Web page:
PORTMAN & THE BIG O

I have never been a fan of Natalie Portman’s acting ability.  Unlike critics who have been making comments about last year’s female performances, I do not believe she should be the odds-on favorite.  I do not regard her acting in The Black Swan to be persuasive; she does not seem to emote very well and the way she talks appears to me to be one step removed from struggling both to remember her lines and to follow the director’s instructions.  It seems to me she tries to rely on her appearance–which is far less than a lot of other talented actresses–to get her over.  However, her outward countenance simply cannot compensate for a very shallow reservoir of talent.

Another aspect which is troubling is a condescending comportment on Portman’s part.  I recall years ago when she was criticizing actresses who appear nude on screen, she insisted she would not deign to that.  It was not long ago that she played a stripper in Closer scarcely removing any of her underwear.  Her playing of this role was not only weak, but also mocking reality.  Strippers remove their clothing and their relationship to the clientele goes much further than Portman’s portrayal.  Perhaps, her statement was more a reflection of her age, rather than some precocity or moral compass.  Clearly, age, romance, and pregnancy removed this sexual constipation, if you will, for she engages in hetero and same-sex activity in The Black Swan, albeit Mila Kunis is more knowledgeable and bare than Portman.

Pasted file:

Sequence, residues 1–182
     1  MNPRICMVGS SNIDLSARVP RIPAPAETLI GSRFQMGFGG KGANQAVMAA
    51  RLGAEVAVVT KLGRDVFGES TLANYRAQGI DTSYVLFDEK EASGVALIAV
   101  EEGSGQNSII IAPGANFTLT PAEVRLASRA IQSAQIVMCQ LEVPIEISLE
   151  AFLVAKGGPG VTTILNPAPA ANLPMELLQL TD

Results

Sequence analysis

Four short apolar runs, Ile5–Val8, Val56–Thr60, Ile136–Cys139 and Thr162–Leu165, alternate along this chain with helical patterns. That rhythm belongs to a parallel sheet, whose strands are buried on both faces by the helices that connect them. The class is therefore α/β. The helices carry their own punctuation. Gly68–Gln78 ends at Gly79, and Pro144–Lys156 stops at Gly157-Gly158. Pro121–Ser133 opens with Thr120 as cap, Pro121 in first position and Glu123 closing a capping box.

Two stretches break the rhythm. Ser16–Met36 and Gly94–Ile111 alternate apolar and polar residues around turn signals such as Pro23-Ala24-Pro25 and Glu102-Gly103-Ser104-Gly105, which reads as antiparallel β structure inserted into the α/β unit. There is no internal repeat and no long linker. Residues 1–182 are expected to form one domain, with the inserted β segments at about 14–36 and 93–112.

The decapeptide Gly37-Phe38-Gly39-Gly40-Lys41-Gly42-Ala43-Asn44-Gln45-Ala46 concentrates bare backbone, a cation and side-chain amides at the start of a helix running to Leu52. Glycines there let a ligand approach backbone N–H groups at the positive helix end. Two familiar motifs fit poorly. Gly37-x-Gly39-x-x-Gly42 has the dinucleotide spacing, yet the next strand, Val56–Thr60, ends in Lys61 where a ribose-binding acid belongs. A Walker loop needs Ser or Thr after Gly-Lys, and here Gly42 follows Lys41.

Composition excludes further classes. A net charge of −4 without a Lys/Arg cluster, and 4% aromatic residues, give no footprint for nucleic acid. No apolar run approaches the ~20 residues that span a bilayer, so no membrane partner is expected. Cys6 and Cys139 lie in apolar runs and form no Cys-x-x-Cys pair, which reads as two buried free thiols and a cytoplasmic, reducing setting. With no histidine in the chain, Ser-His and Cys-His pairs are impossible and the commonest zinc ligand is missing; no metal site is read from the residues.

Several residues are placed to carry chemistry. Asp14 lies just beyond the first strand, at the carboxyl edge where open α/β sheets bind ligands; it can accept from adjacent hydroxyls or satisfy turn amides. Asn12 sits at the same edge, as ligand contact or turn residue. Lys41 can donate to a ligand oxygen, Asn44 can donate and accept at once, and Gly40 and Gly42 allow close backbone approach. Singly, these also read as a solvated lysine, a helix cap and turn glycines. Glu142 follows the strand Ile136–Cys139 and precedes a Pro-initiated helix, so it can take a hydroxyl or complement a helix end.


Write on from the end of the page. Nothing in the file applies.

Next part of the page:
Of course, I am under no illusion that the buzz about Portman’s being a shoe-in for the Oscar will not mirror reality.  The unfortunate thing is that her victory will slight the many other powerful performances over the past year.  I liked her words at the Screen Actors Guild awards ceremony, when she supported labor.  I glad she took advantage of the opportunity to say what she did.  So, even though she did not, in my opinion, deserve to be standing there receiving the Actor for Best Actress, her real life show was par excellent!

About mdbwell

Pres., Project for the Beloved Community B.A.--Wesleyan University M.Div.--Yale University Ph.D.--Boston University Summer Study--Harvard University Advocate for the poor
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